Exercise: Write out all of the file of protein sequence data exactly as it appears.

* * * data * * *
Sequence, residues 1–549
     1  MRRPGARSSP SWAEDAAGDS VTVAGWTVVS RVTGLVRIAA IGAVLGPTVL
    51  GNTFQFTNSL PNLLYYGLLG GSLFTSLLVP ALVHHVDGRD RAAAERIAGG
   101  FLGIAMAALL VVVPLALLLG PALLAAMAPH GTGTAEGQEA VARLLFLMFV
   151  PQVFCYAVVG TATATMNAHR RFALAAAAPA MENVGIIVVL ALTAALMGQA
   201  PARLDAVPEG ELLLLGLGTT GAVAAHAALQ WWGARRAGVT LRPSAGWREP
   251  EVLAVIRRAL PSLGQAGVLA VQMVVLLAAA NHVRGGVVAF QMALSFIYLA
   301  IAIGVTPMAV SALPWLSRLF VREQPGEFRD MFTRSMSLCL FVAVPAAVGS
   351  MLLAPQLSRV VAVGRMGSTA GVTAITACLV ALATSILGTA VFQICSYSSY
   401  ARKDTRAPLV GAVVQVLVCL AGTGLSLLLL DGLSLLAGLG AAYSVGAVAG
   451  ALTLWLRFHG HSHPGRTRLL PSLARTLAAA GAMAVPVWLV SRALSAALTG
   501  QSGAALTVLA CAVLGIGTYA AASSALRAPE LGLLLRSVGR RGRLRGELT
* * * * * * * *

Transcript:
Sequence, residues 1–549
     1  MRRPGARSSP SWAEDAAGDS VTVAGWTVVS RVTGLVRIAA IGAVLGPTVL
    51  GNTFQFTNSL PNLLYYGLLG GSLFTSLLVP ALVHHVDGRD RAAAERIAGG
   101  FLGIAMAALL VVVPLALLLG PALLAAMAPH GTGTAEGQEA VARLLFLMFV
   151  PQVFCYAVVG TATATMNAHR RFALAAAAPA MENVGIIVVL ALTAALMGQA
   201  PARLDAVPEG ELLLLGLGTT GAVAAHAALQ WWGARRAGVT LRPSAGWREP
   251  EVLAVIRRAL PSLGQAGVLA VQMVVLLAAA NHVRGGVVAF QMALSFIYLA
   301  IAIGVTPMAV SALPWLSRLF VREQPGEFRD MFTRSMSLCL FVAVPAAVGS
   351  MLLAPQLSRV VAVGRMGSTA GVTAITACLV ALATSILGTA VFQICSYSSY
   401  ARKDTRAPLV GAVVQVLVCL AGTGLSLLLL DGLSLLAGLG AAYSVGAVAG
   451  ALTLWLRFHG HSHPGRTRLL PSLARTLAAA GAMAVPVWLV SRALSAALTG
   501  QSGAALTVLA CAVLGIGTYA AASSALRAPE LGLLLRSVGR RGRLRGELT